City of Newport
596 7th Avenue
Newport, MN 55055
Phone: (651) 459-5677
Fax: (651) 459-9883
Hours: Monday - Thursday
8:00 a.m. - 6:00 p.m.
What is buckthorn?
Common, or European, buckthorn and glossy buckthorn are two non-native buckthorn species that can be found in Minnesota. European buckthorn was first brought to the state in the mid-1800's, serving as a popular hedging material. However, it escaped and became a nuisance plant, forming dense thickets in forests, yards, parks, and roadsides. It crowded out native plants and displaced the native shrubs and small trees in the mid-layer of the forest where many species of birds nested. Glossy buckthorn is sold by nurseries in two different forms, "Columnaris", which is narrow and tall, and "Aspenifolia", which grows up to 10 feet and has a ferny texture.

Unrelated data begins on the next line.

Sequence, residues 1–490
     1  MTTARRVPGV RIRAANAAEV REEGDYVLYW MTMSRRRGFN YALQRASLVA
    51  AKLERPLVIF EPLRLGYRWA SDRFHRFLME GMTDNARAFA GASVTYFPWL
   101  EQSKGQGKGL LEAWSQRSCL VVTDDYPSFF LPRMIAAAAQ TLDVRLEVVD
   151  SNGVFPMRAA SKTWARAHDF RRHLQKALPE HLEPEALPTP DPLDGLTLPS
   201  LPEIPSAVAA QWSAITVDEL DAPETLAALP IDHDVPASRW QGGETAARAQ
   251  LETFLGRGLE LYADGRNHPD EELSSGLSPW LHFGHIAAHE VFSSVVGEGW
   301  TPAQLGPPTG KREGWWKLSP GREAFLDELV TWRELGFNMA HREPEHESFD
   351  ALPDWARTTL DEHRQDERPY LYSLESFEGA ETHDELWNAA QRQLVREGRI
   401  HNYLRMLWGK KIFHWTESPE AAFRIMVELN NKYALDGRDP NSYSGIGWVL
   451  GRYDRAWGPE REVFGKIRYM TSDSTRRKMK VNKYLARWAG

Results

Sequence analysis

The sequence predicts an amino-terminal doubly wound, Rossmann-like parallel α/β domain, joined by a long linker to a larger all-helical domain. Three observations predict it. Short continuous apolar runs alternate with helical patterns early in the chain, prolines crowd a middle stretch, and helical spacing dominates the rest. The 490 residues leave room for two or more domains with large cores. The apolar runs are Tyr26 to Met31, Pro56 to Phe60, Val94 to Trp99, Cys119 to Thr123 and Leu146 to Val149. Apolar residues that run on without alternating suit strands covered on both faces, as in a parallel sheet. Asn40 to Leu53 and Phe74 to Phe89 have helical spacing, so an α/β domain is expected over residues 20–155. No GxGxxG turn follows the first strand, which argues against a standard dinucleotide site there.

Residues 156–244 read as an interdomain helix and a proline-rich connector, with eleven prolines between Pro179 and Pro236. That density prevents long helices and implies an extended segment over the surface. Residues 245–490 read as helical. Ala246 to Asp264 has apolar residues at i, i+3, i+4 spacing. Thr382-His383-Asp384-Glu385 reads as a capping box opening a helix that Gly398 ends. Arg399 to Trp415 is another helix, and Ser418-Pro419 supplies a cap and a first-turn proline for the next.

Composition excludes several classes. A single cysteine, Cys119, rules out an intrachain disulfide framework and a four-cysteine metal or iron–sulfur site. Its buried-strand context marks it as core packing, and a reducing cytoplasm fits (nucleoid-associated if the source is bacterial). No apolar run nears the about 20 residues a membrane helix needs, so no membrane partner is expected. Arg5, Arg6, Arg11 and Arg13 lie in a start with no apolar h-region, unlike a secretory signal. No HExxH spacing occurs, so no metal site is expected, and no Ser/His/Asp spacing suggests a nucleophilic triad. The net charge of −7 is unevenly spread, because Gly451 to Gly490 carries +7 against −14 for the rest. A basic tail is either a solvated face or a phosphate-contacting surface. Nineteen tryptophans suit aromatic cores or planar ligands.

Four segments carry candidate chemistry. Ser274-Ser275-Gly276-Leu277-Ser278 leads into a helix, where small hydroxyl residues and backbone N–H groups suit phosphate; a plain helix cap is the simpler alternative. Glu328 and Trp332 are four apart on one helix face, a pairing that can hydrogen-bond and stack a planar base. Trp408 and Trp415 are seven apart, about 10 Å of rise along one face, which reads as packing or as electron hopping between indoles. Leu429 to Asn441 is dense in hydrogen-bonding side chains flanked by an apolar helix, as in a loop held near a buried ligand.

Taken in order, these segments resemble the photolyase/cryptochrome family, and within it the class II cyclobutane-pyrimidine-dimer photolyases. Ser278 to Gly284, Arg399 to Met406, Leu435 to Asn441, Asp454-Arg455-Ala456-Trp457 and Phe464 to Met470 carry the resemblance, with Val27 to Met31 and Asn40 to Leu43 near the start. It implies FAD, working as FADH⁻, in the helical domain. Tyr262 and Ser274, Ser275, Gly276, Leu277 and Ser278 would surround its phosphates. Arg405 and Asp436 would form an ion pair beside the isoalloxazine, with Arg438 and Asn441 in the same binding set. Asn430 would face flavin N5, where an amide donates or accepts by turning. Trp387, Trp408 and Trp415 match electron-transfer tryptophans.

Why is buckthorn problematic?
Buckthorn competes with native plants for nutrients, moisture, and light - and wins! It threatens the future of forests, wetlands, and other natural habitats, which also degrades the habitat of wildlife. Buckthorn contributes to erosion by shading out other plants that grow on the forest floor, and can serve as a host to other pests, such as crown rust fungus and soybean aphid.
You'd like to get rid of the buckthorn bushes that have invaded your yard, creating tangled undergrowth that crowd out native plants like dogwood and wild geranium, but how? Cutting the plant down doesn't work - suckers sprout from the remaining stump.
Rusty Smidt, Natural Resource Specialist for the Washington County Conservation District, discussed the buckthorn problem with the Newport Park Board at its February 12, 2008 meeting. Rusty recommends two methods that he's found work nearly 100% of the time:
Rusty stressed the importance of replanting native plants in areas that have been cleared of buckthorn. If new, desirable plants are not introduced, buckthorn may re-invade.